School Loses Chance at Grant Due to Ban

Wheeling Intelligencer
14 July 2011
By Warren Scott

Wellsburg Middle School has lost a chance at a $30,000 grant for band instruments because of the city's ban on natural gas drilling.

Officials with Brooke County Schools and Chesapeake Energy, the natural gas company that partly supports the grant, and the state Division of Culture and History, which administers it, confirmed Follansbee Middle School will instead receive the grant.

Karen Gresham, deputy commissioner of the state Division of Culture and History, said the grant comes through the VH1 Save the Music Foundation and Chesapeake Energy, with each contributing evenly. Gresham said for several years the foundation has provided funds for public schools to provide musical instruments to pupils in primary and middle schools to encourage their involvement in the arts.

She said more recently, through the efforts of Randall Reid-Smith, state commissioner of culture and history, a pilot program has been established that pairs funds from the foundation with a business or other partner. Chesapeake Energy is one of a number of partners that has agreed to match the VH1 grants, Gresham said, and such partners may suggest areas where the funding may be awarded.

She said Chesapeake was interested in funding schools in Brooke County, where it has initiated drilling operations, and with the help of Brooke County Superintendent Kathy Kidder, Wellsburg Middle School was targeted for the funds. But before the money was awarded, Wellsburg City Council adopted an ordinance banning natural gas drilling in and within a mile of the city, citing concerns that drilling could contaminate the city's drinking water, which is derived from wells.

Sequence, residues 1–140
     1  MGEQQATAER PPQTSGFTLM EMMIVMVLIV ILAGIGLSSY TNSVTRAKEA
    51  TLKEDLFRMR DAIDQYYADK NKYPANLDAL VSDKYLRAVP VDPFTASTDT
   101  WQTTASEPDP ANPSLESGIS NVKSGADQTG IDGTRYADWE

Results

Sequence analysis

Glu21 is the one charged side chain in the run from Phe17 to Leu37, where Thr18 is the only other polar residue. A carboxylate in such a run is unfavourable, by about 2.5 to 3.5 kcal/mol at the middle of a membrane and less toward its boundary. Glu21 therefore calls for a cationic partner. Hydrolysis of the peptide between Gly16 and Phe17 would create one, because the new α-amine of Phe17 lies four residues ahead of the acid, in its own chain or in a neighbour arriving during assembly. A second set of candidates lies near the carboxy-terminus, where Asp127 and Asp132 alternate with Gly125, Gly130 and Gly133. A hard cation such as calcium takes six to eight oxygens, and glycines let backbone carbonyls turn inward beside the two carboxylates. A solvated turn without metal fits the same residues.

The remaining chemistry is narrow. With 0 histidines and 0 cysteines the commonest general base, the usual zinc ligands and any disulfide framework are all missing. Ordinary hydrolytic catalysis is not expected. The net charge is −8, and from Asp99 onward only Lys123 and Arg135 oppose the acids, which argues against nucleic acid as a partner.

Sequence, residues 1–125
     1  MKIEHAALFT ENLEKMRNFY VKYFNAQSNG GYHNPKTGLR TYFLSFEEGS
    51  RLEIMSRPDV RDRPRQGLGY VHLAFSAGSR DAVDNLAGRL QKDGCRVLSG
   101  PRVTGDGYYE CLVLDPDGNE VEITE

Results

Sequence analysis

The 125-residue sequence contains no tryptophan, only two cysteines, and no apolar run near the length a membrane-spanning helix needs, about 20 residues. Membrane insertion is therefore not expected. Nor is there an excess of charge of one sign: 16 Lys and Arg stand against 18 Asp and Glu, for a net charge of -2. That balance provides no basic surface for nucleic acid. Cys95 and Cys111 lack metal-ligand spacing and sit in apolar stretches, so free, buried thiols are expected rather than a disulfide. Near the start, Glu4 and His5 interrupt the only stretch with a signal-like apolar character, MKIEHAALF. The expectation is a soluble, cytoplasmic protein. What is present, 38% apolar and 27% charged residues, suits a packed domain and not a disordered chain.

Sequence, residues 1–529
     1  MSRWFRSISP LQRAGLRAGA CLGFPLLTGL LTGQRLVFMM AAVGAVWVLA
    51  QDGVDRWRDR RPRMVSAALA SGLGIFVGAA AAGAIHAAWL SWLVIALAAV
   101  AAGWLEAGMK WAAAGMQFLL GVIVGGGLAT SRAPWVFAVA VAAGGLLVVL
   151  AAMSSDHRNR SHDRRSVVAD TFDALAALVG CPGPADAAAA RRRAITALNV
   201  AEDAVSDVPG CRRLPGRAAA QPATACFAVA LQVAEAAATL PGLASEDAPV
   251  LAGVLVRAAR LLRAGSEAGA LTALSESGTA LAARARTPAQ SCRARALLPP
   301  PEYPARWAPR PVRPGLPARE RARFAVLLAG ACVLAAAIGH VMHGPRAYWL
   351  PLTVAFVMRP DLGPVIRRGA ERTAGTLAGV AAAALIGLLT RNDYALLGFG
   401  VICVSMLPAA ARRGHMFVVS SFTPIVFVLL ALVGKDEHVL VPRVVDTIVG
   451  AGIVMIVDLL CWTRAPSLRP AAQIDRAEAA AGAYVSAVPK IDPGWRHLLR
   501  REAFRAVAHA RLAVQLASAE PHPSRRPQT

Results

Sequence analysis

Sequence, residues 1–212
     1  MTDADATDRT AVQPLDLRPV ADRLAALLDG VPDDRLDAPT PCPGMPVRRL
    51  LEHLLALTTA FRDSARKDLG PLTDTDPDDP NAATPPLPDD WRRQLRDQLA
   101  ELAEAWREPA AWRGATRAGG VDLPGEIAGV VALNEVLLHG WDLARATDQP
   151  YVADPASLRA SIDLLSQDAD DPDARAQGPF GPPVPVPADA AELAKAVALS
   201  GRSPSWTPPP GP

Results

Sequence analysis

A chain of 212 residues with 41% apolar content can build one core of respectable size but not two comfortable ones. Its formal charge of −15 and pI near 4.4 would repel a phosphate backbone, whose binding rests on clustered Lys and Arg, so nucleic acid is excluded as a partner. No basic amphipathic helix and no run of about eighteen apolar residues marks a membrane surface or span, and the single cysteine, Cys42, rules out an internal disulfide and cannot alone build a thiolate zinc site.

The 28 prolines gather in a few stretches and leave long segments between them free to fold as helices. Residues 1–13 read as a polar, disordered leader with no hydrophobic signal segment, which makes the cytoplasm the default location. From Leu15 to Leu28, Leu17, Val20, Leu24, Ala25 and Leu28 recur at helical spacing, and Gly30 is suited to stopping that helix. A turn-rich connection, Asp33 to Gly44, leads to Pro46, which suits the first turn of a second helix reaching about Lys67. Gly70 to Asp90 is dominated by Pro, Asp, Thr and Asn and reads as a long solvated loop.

Stacey Brodak, Chesapeake spokeswoman, said, "Chesapeake is very proud of our record of philanthropic giving and our efforts to enhance the quality of life in the communities in which we live and work. While we strive to find worthwhile community-support projects that benefit those in the areas where we are approved to operate, it is important that we dedicate our company's resources where they cannot only advance the interests of our shareholders but other stakeholders as well.

"Given the volume of requests we get across the country, it is imperative that we focus our philanthropy where we and our operations are supported by the community and its leaders," Brodak said. "Unfortunately, with the imposition of a ban on our activity for a mile outside the city of Wellsburg, we are not now able to consider the current request for philanthropic gifts in this area. We are hopeful we can work together to eliminate the impediments and opposition to resource development in the area and can once again develop a mutually beneficial partnership with this community."

Chesapeake and other natural gas companies use a process known as hydraulic fracturing to release the gas from the underground Marcellus shale formation. It involves blasting the shale with a fluid that includes 95 percent water and sand and 5 percent various chemicals, some of them toxic.

Gas industry officials say the drilling occurs thousands of feet below water tables and the gas wells are heavily sealed with concrete and steel to prevent the fluid from leaking into the ground.

Opponents point to incidents in which wastewater from the process was spilled outside the wells or methane from abandoned coal mines was released, resulting in fires.